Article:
Compositions for cochlear implantees
An AHRC funded project at the University of Southampton
A collaborative project between the Institute for Sound and Vibration Research and the Department of Music in the School of Humanities at the University of Southampton
A cochlear implant (CI) can enable severely or profoundly deaf people to perceive sounds. Although CIs can provide excellent speech perception in quiet environments, current devices are very poor at conveying pitch information and therefore many CI users express dissatisfaction when listening to music through their implant.
Music is ubiquitous in all cultures. It is an effective means of expression and communication and can promote social inclusion. It can arouse and pacify, having an extraordinarily powerful effect on the emotions. The importance of music for well being and quality of life is reflected by the fact that researchers and CI manufacturers are increasingly turning their attention towards developing CI processing strategies aimed at providing better cues for music perception.
Through a unique series of music workshops this project will explore aspects of music that can be appreciated by CI users. It is anticipated that, through the creative process of composition, CI users and researchers will gain a better understanding of specific music styles and structures that can readily be appreciated and enjoyed through a CI.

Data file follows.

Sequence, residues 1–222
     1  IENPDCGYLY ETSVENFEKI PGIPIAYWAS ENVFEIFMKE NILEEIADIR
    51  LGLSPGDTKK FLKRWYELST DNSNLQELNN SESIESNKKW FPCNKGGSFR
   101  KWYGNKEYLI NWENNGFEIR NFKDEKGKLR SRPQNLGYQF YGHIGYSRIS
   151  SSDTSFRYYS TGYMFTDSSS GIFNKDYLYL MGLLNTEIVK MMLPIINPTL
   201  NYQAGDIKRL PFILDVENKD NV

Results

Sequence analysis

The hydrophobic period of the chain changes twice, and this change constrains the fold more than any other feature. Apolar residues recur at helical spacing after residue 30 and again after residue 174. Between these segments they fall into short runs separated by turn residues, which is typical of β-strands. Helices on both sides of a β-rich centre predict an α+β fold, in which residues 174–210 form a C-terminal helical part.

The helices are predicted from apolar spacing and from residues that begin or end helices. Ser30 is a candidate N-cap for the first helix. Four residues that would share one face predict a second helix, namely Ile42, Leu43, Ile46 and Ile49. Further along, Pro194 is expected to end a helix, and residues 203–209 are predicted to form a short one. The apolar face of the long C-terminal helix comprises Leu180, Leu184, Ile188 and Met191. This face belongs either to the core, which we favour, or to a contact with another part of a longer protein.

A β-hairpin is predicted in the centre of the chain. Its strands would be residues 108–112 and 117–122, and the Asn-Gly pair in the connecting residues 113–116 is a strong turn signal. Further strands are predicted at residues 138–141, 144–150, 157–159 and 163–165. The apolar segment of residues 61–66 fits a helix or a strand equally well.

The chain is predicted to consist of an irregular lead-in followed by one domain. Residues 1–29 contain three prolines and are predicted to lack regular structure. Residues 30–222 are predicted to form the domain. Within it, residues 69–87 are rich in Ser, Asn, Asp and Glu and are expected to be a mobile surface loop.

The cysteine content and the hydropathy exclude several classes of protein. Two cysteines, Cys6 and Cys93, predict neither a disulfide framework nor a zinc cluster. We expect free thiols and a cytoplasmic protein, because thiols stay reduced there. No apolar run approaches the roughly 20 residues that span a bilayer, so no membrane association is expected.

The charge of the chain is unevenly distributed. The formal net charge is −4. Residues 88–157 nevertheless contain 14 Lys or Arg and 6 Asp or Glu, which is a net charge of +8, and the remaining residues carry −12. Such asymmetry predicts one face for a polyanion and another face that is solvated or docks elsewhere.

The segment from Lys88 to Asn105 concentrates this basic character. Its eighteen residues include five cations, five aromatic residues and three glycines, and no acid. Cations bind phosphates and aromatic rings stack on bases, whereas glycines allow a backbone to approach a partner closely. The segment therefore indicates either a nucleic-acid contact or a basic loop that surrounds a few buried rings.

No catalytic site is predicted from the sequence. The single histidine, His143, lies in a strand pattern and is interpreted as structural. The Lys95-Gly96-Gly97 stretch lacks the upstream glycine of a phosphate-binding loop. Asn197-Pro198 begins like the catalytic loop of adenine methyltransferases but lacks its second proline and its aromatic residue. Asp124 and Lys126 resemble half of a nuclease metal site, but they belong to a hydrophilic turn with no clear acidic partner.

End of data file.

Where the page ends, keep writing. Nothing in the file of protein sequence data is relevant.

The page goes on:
This knowledge will be used guide the development of music (re)habilitation materials and compositions specifically for CI users. The impact of the composition workshops and (re)habilitation materials on the music perception ability and satisfaction of CI users will also be evaluated. This two year project will conclude with a public seminar and performance here at Southampton.
Rachel van Besouw, David Nicholls, Ben Oliver, Mary Grasmeder, Anne Wheatley, Sarah Hodkinson, Matt Salvage, Jon Haughton
Each year the AHRC provides funding from the government to support research and postgraduate study in the arts and humanities. Only applications of the highest quality are funded and the range of research supported by this investment of public funds not only provides social and cultural benefits but also contributes to to the economic success of the UK.